# Collapse range's entries by removing some values

• 2014-03-28, 12:51
boobounder
Collapse range's entries by removing some values
Suppose A1.A9 looks like this:

1,2,=na(),4,=na(),6,7,8,9

I am looking for a way, ideally with (plain) formulas in B1.B7 to get:

1,2,4,6,7,8,9

If I were coding this, it would be easy to do with a do loop. But I'm looking for a solution that I can show people who may be pretty good at basic Excel, but who avoid VBA, array formulas, or programming outside of Excel.

At a more advanced level, ultimately, I'm going to want to do this where my missing values may be coded with not just =na(), but maybe a zero, or even an empty cell.
• 2014-03-28, 20:29
sdckapr
If you have blanks or even text, you can put in B1:
=SMALL(\$A\$1:\$A\$9,ROW())

And copy it from B2:B7.

With the errors in it, I believe it requires an Array formula (confirm with ctrl-shift-enter):
=SMALL(IF(ISNUMBER(\$A\$1:\$A\$9),\$A\$1:\$A\$9),ROW())

I have not thought of a way to use SUMPRODUCT to avoid the explicit array (sumproduct implicitly uses arrays, so can be confirmed as a normal formula, but has no if to eliminate the errors from the addition or multiplication).

Perhaps someone else will have better luck...

Steve
If your numbers will not be in ascending order than you could use something like the array:
=INDEX(\$A\$1:\$A\$9,SMALL(IF(ISNUMBER(\$A\$1:\$A\$9),ROW( \$A\$1:\$A\$9)),ROW()))
• 2014-03-31, 13:31
boobounder
There's a lot to go with here, some of which works.

1.
Quote:

Originally Posted by sdckapr
If you have blanks or even text, you can put in B1:
=SMALL(\$A\$1:\$A\$9,ROW())

And copy it from B2:B7.

This works well. There are two problems (worked around here for people who have this problem in the future).

1) Using row() inside =small() can lead to problems if your data doesn't start in row 1. If, say, it starts in row 3, then you need to do this instead =SMALL(\$A\$1:\$A\$9,ROW()-2)
2) Using small will generate an =na() if you feed it a range with empty cells. I worked around this by embedding my =small inside an =if(), like so: =IF(ROW()-2>COUNT(AJ\$3:AJ\$11),"",SMALL(AJ\$3:AJ\$11,ROW()-2))

2.
Quote:

Originally Posted by sdckapr
With the errors in it, I believe it requires an Array formula (confirm with ctrl-shift-enter):
=SMALL(IF(ISNUMBER(\$A\$1:\$A\$9),\$A\$1:\$A\$9),ROW())

This seems to be correct. Same problems as above can be solved the same way.

3.
Quote:

Originally Posted by sdckapr
I have not thought of a way to use SUMPRODUCT to avoid the explicit array (sumproduct implicitly uses arrays, so can be confirmed as a normal formula, but has no if to eliminate the errors from the addition or multiplication).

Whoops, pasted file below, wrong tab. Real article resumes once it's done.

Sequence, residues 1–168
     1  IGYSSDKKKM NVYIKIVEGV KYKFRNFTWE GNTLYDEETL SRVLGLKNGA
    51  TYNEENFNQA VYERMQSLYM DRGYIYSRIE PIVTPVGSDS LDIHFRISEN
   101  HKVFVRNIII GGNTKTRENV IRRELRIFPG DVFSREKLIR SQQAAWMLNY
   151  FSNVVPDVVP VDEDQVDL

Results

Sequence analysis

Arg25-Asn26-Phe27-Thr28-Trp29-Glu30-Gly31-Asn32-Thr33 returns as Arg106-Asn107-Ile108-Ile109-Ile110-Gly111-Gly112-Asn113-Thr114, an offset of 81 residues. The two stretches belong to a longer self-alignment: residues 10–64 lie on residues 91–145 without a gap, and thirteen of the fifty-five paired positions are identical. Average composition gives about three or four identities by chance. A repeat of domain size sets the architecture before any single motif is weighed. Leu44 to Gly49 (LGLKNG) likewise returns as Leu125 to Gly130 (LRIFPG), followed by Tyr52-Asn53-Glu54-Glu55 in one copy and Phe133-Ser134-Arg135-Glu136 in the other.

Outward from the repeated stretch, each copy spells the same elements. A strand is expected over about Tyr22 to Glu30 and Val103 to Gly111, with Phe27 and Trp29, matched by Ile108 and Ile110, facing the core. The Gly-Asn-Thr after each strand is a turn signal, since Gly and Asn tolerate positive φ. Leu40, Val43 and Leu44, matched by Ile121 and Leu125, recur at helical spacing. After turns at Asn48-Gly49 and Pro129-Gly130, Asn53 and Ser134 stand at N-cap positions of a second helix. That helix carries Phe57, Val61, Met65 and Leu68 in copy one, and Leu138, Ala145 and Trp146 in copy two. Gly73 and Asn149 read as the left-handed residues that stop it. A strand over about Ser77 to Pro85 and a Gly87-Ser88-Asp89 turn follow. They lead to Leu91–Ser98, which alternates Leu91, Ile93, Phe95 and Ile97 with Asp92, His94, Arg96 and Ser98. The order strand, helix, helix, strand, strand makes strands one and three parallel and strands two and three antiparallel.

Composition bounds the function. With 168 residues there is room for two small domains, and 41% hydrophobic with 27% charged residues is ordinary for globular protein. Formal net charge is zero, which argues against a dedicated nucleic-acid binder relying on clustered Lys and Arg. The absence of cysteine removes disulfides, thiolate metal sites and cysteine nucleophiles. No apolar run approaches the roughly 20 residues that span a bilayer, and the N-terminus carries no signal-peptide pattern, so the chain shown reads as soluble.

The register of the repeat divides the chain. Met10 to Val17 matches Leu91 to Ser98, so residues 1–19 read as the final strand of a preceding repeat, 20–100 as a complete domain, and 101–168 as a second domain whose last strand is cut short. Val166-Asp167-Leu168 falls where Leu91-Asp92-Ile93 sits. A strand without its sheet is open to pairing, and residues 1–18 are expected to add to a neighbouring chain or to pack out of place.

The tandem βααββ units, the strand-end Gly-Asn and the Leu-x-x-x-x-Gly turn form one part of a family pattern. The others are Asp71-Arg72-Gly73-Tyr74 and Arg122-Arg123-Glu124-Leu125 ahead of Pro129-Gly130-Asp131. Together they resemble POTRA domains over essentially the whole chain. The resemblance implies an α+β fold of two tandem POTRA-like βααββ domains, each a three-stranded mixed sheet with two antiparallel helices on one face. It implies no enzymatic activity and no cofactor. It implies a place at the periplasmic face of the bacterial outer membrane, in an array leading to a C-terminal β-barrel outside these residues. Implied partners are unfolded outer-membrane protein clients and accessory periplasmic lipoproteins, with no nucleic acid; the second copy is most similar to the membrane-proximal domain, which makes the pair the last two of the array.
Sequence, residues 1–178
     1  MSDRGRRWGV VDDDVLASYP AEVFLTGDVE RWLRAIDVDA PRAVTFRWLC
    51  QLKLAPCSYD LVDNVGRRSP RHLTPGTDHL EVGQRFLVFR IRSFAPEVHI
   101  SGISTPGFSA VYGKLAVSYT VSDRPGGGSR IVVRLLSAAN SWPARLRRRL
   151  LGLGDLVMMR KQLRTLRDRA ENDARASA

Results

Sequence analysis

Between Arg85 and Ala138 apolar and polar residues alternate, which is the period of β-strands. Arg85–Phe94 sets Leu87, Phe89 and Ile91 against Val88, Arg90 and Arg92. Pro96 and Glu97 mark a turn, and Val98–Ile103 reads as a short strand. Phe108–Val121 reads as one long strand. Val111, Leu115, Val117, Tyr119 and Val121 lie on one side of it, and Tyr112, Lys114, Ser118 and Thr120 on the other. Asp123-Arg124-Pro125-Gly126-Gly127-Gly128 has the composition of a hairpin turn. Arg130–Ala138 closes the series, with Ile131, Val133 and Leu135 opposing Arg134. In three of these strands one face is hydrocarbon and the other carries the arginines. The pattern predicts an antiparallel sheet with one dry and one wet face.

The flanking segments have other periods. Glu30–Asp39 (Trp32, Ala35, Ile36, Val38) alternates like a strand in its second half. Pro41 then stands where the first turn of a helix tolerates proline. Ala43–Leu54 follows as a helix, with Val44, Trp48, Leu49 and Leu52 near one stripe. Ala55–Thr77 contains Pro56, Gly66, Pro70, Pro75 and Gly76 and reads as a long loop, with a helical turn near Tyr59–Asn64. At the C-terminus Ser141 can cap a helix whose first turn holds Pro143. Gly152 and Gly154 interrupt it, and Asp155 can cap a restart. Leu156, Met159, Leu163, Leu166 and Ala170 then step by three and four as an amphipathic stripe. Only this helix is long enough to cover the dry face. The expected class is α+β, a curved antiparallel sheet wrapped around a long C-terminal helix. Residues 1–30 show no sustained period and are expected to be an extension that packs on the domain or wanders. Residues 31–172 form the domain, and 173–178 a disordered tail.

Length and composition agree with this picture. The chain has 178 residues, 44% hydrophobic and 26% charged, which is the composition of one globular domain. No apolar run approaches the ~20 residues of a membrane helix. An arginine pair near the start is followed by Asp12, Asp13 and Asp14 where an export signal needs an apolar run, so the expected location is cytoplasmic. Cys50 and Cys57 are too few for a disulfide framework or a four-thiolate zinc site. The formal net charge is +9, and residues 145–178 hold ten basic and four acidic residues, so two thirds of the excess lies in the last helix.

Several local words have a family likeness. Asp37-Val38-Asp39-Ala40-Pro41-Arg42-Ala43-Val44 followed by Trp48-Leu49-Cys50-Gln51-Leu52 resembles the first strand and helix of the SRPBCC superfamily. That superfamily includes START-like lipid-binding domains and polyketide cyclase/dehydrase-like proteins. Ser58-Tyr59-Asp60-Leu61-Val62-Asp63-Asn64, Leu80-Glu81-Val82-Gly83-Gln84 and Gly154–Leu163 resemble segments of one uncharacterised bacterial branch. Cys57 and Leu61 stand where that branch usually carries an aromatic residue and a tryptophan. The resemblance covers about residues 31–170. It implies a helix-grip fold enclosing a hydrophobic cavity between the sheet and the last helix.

Interesting. I can't see my way through that one yet ... (no problem, this seems like a lot of work, and I'm not really trying) ... but something like =sumproduct(\$A\$1.A1,\$C\$1.C1) does deliver results from which you could filter out the missing values if column C is populated with ones or a mix of ones and blank cells.

4.
Quote:

Originally Posted by sdckapr
If your numbers will not be in ascending order than you could use something like the array:
=INDEX(\$A\$1:\$A\$9,SMALL(IF(ISNUMBER(\$A\$1:\$A\$9),ROW( \$A\$1:\$A\$9)),ROW()))

I am not seeing the usefulness of this. I get the first method to work just fine with unordered numbers.
• 2014-03-31, 14:12
sdckapr
Quote:

Using row() inside =small() can lead to problems if your data doesn't start in row 1.
That is true, but your indication was that it did...

Quote:

2) Using small will generate an =na() if you feed it a range with empty cells.
This is an inaccurate statement. A #N/A error is generated if you have an =NA() in your data (other errors will generate other errors). Text and blanks are ignored. I got around this with ISNUMBER

Quote:

I am not seeing the usefulness of this. I get the first method to work just fine with unordered numbers.
That depends on your intent. The "Small" method will resort the list. It was not clear if your numbers would be in order. If you had a list:
12,11,=na(),4,=na(),6,7,8,9

The small method would give
4,6,7,8,9,11,12

The alternate INDEX method would keep them in the order presented and just collapse:
12,11,4,6,7,8,9

The INDEX method could also be adapted for lists with text and/or numbers if desired. The small method will not work with text.

Steve